The children scarred by war

Syed, aged 12

A wasteland of rubble still bears testament to last summer's conflict between Israel and Gaza. But there are deeper scars - damage that can't be seen and may never heal.

A week after the fighting began, Syed's life was shattered on the day the 12-year-old, his 11-year-old brother Mohamed, and their six cousins went to Gaza's beach to play football.

It was the natural playground for young boys from a family of fishermen which has lived off the sea for generations.

"We didn't know that beach was dangerous," says Syed - his eyes still, round, sad pools, as he remembers 16 July, one of the most harrowing days of the war.

By the end of that day, Mohamed and three of his cousins were dead. An Israeli investigation said its air force mistook the children for Hamas fighters when a pilot fired twice at a "compound" next to the beach.

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Can powers meet the 'real' deadline on Iran's nuclear programme?

U.S. Secretary of State John Kerry (L) meets with Iranian Foreign Minister Javad Zarif at a hotel in Vienna, Austria June 30, 2015.
US Secretary of State John Kerry and Iranian Foreign Minister Mohammad Javad Zarif have led the marathon talks

Will Vienna be the venue for the end of a 12-year standoff over Iran's nuclear programme?

"We're not there yet," cautions a Western official, as talks continue into the first week of July and past a self-imposed deadline of 30 June.

Read full article Can powers meet the 'real' deadline on Iran's nuclear programme?

Afghanistan's leaders face battle for peace

Afghan security personnel run at the scene of a suicide attack by Taliban militants on the Afghan parliament building in Kabul on 22 June 2015
The timing of the attack on the parliament in Kablul was hugely significant

Will there be more and more months of horrific violence in Afghanistan, or will there be historic negotiations?

This year has already seen some of the most important Taliban gains on the battlefield, and the most significant period of informal talks.

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Yemen conflict: A passport out of war

  • 21 May 2015
  • From the section Africa
Refugees from Yemen arrive in Djibouti port - May 2015

A human tide reaches the shores of Djibouti almost every day.

Waves of Yemenis are taking to the sea in packed yachts or wooden dhows meant to ferry fishermen or livestock, not a people fleeing for their lives.

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Countdown to Iran nuclear deal - but resistance remains

Delegates at nuclear talks in Lausanne (02/04/15)
The so-called p5+1 and Iran agreed a framework deal this month after marathon talks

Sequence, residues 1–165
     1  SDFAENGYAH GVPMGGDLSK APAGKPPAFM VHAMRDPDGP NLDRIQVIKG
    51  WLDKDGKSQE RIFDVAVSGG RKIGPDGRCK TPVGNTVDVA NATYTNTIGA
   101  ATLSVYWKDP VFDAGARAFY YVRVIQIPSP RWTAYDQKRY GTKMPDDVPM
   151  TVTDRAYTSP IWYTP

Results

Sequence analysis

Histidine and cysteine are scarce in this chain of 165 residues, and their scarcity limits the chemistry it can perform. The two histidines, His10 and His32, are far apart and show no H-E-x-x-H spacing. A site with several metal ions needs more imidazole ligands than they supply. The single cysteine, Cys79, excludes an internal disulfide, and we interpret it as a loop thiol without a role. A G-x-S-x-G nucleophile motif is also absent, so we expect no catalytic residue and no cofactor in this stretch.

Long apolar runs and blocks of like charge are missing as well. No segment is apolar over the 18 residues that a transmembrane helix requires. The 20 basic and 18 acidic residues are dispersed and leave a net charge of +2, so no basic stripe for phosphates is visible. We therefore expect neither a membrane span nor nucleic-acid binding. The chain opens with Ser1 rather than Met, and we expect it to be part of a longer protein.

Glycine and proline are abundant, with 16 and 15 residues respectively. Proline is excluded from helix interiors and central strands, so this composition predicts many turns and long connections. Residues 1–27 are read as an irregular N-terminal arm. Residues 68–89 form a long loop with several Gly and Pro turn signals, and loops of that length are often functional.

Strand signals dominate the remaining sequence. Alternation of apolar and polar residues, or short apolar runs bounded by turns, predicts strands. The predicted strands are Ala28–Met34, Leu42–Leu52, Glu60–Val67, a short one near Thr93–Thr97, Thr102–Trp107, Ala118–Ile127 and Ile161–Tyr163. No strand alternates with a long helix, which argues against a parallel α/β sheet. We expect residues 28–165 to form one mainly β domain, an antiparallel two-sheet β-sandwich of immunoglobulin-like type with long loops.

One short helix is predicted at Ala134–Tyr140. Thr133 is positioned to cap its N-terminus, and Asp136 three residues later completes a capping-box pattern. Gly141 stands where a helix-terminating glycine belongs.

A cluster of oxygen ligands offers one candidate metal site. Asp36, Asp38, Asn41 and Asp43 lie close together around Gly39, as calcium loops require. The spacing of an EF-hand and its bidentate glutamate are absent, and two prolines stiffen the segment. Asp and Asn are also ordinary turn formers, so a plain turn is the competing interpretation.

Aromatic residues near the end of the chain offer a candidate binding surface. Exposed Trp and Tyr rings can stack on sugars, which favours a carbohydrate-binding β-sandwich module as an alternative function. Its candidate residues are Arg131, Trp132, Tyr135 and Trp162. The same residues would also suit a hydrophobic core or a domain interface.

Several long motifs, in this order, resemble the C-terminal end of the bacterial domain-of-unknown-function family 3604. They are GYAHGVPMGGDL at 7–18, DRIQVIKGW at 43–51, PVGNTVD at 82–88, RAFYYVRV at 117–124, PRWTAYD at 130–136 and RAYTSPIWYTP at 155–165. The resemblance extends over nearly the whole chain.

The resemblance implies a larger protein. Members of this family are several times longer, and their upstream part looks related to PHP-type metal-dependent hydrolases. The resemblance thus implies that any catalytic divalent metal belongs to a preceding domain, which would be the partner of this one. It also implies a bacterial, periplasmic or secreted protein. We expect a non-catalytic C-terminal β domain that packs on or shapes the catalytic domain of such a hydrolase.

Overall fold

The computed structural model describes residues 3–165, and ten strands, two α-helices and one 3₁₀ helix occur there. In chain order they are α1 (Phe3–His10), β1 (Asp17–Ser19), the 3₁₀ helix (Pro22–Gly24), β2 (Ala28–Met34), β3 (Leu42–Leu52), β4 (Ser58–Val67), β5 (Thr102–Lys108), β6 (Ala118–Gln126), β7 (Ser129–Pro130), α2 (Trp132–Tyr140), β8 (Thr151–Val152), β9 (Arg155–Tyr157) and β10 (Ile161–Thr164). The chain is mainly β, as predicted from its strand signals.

A historic deal with Iran over its nuclear programme is now within reach - but it's still uncertain whether this rare chance to resolve a major security challenge of our time through diplomacy will be grasped.

This week, the prospect of a final deal, which must be reached by the end of June, could be pulled in two different directions.

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Syria conflict: Fighting for a future for Yarmouk

Yarmouk, 6 April
Yarmouk, once a home for 150,000 Palestinian refugees, has been devastated by Syria's war

A refugee camp which grew into the liveliest of neighbourhoods is now crumbling into the deadliest of quarters as life drains away by the day.

Never has the future of Yarmouk looked so uncertain for the community of Palestinian refugees as well as Syrians who call it home.

Read full article Syria conflict: Fighting for a future for Yarmouk

Sense of history as Iran nuclear talks go to the wire

EU foreign policy chief Federica Mogherini, Iranian Foreign Minister Mohammad Javad Zarif and the head of the Atomic Energy Organisation of Iran Ali Akbar Salehi at the nuclear talks in Lausanne (30 March 2015)

In a world where all too many conflicts are in search of solution there is a palpable sense history could be made here.

If a framework for an Iranian nuclear deal is agreed this week in this serene Swiss setting of Lausanne, it could pave the way for one of the most significant, but most sensitive, accords in decades.

Read full article Sense of history as Iran nuclear talks go to the wire

Tunisia museum attack tests transition

  • 22 March 2015
  • From the section Africa
Tunisian President Beji Caid Essebsi lays a wreath in memory of those killed at the Bardo museum attack, 22 March 2014
The president says "we need national reconciliation"

"Degage!" One word says a great deal.

Four years ago, in Tunisia, you heard this forceful command, in French, a lot. It was the rallying cry of "go away" against authoritarian rule during the unprecedented uprising that came to be known as the Arab Spring.

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Searching for light in war-torn Syria

Residents of Syria's besieged Yarmuk Palestinian refugee camp, south of Damascus. File photo
Millions of people across Syria are now relying on international humanitarian aid

A dark shadow falls across Syria as a punishing war enters its fifth year.

It's not just that satellite imagery has revealed the night sky is 83% darker because so much infrastructure has been destroyed, and millions forced to flee their homes .

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Lahore Literary Festival: Book lovers defy the bombers

  • 24 February 2015
  • From the section Asia
Crowds at the Lahore Literary Festival
The Alhamra Arts Centre hosted the third Lahore Literary Festival

A suicide bomber struck in the Pakistani city of Lahore, just two days before its annual literary festival was due to start.

The night before, the provincial government tried to stop the three-day festival from going ahead, insisting it was not safe.

Read full article Lahore Literary Festival: Book lovers defy the bombers